Boeing delays 1st Starliner astronaut launch for NASA indefinitely over parachute, wiring safety iss
Boeing's first Starliner astronaut flight was scheduled for July 21. It won't fly this summer, but a fall launch is 'feasible.'
Boeing is standing down from the first-ever crewed launch of its Starliner astronaut capsule for NASA, possibly indefinitely, due to safety issues with the spacecraft's parachutes and wiring that were discovered last week.
The Starliner astronaut launch, already years behind schedule, was most recently targeted to launch two NASA astronauts to the International Space Station on July 21. Now, it likely won't launch at all this summer, and may not get off the ground this year.
"It's feasible, but I certainly wouldn't want to commit to any dates or timeframes," Mark Nappi, Boeing Starliner program manager and vice president, told reporters in a press conference Thursday (June 1). "We need to spend the next several days understanding what we need to go do to solve these problems."
Two major safety issues are driving the latest delay, both of them discovered last week during in-depth reviews of Starliner to certify the spacecraft for crewed flight, Nappi said.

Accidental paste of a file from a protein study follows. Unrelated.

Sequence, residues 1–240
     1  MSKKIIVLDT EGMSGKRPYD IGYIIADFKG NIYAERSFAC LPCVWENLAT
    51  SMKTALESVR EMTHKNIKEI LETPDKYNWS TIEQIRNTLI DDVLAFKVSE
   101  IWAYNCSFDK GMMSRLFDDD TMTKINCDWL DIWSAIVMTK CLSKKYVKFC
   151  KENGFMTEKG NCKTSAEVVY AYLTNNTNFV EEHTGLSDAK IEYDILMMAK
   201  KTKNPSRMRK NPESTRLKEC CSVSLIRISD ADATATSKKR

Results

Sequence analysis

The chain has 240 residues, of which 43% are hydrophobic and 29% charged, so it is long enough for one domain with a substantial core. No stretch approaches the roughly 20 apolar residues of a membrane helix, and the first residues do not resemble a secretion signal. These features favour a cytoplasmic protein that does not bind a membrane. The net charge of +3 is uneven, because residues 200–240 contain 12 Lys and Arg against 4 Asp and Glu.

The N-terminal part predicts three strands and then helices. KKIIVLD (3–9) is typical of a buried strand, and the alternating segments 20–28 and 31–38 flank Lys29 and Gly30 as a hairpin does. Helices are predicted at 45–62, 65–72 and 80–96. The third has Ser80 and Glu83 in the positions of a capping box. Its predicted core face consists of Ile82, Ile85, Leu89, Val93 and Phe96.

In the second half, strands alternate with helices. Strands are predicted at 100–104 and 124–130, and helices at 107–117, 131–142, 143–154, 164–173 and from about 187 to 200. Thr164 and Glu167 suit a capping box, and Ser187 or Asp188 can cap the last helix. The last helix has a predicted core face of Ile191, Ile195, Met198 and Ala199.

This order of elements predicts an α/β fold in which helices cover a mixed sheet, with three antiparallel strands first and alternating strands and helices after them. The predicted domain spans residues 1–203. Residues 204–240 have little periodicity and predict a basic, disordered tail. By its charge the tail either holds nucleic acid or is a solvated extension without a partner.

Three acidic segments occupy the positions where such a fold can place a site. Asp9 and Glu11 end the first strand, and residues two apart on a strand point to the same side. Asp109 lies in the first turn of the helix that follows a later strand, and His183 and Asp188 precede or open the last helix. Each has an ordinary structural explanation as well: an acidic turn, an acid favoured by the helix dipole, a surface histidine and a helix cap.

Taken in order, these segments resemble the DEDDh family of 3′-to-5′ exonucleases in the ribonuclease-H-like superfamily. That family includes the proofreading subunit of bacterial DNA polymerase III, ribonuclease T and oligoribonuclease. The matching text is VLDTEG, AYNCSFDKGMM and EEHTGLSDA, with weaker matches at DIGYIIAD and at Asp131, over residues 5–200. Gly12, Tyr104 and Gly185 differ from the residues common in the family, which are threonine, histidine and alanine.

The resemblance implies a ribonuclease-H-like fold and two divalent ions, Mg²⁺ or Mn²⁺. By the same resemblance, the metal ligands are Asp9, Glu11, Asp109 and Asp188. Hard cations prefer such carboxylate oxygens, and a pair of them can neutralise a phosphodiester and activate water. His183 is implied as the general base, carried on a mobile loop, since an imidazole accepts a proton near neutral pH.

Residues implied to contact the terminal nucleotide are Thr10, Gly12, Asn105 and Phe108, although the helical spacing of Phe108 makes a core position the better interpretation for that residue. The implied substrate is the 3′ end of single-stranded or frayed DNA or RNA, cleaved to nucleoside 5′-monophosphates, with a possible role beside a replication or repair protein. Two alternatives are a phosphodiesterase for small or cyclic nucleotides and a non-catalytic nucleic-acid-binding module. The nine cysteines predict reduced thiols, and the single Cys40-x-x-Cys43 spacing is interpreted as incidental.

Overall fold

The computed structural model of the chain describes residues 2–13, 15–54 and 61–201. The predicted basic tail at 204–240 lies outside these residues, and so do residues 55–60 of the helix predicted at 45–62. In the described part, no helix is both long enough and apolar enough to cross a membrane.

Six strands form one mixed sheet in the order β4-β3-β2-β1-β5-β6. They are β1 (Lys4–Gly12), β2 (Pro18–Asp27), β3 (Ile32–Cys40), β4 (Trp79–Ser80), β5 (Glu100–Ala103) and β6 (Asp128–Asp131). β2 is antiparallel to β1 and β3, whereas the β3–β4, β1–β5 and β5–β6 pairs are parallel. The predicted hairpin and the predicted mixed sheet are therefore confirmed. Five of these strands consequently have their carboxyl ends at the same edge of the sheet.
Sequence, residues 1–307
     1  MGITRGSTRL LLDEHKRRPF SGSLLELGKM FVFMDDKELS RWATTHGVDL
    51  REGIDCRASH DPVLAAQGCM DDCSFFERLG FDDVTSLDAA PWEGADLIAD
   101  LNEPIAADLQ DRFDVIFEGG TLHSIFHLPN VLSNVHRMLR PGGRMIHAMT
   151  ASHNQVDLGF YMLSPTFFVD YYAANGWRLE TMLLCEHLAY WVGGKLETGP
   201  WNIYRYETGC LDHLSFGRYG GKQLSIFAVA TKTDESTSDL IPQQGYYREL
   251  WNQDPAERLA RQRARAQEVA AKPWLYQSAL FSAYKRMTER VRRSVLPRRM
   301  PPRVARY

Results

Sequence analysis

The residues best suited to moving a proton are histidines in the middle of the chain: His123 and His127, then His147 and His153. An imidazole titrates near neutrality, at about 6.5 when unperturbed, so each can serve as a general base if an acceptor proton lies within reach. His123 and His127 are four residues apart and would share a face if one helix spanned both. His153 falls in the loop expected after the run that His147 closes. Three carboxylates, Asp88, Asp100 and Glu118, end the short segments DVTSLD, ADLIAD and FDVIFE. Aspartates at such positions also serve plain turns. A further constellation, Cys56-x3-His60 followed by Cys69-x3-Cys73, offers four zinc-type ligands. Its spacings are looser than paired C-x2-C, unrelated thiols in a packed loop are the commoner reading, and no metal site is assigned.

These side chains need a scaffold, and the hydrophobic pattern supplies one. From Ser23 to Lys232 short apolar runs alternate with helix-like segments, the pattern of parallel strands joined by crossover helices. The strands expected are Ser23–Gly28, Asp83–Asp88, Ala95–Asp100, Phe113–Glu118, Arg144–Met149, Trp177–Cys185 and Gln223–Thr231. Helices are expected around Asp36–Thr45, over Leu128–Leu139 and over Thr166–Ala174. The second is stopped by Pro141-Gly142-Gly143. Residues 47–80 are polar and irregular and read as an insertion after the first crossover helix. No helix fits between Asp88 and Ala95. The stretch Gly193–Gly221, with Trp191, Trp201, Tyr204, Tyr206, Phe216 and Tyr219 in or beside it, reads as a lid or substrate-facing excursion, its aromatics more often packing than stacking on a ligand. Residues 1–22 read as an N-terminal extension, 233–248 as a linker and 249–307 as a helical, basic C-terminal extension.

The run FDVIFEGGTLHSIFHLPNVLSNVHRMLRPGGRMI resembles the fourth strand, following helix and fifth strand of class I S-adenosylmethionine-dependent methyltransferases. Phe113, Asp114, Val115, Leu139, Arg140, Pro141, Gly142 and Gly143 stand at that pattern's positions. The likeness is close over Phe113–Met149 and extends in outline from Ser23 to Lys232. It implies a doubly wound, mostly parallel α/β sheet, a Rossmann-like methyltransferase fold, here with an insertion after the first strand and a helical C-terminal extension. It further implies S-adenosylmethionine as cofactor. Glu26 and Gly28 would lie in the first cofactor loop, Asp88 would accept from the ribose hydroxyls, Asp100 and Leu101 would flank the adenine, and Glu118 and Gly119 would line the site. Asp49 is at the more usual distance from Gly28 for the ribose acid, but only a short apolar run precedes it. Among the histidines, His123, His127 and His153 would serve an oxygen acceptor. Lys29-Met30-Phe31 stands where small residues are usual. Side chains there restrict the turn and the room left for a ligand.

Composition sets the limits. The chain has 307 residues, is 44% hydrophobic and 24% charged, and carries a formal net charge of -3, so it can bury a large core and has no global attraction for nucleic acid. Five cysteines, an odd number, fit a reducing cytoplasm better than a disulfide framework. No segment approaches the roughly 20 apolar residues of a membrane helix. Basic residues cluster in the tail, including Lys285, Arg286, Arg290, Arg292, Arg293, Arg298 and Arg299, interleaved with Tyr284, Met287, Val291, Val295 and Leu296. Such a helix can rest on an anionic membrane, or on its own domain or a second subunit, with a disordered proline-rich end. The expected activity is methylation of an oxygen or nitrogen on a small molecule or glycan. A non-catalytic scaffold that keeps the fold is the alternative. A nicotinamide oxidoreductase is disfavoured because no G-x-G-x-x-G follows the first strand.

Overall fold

First, Boeing engineers discovered that the "soft links" used on the suspension lines of Starliner's three main parachutes have a failure load limit that is actually lower than previously thought. It turns out that those links, which secure the parachute lines with their anchor tethers on the capsule, cannot handle the load of Starliner if one chute fails. Being able to land safely with two of three chutes is a safety requirement for NASA, Nappi said.
The second safety issue Boeing found pertains to the protective tape covering the wiring harnesses throughout the Starliner capsule. That tape, Nappi said, is flammable and there are "hundreds" of feet of it inside Starliner.
"It's highly unlikely that we would go in and cut this tape off," Nappi said, adding that doing so would likely cause more potential damage. "So we're looking at solutions that would provide for essentially another type of wrapping over the existing tape in the most vulnerable areas that reduces the risk of fire hazard."
Boeing's latest Starliner delay follows a string of setbacks for the spacecraft. In December 2019, Boeing's first uncrewed test flight of Starliner failed to reach its proper orbit and could not rendezvous with the International Space Station as planned. It ultimately had to land earlier than intended.
A follow-up NASA investigation ultimately tasked Boeing to make 80 different corrective actions to address safety and other issues with the Starliner spacecraft. The company also had to launch a repeat uncrewed test flight, which successfully reached the space station in May 2022 after its own series of delays over valve issues. The flammable tape issue and the parachute soft links issue were both present on that flight, but the mission was a success, NASA officials said.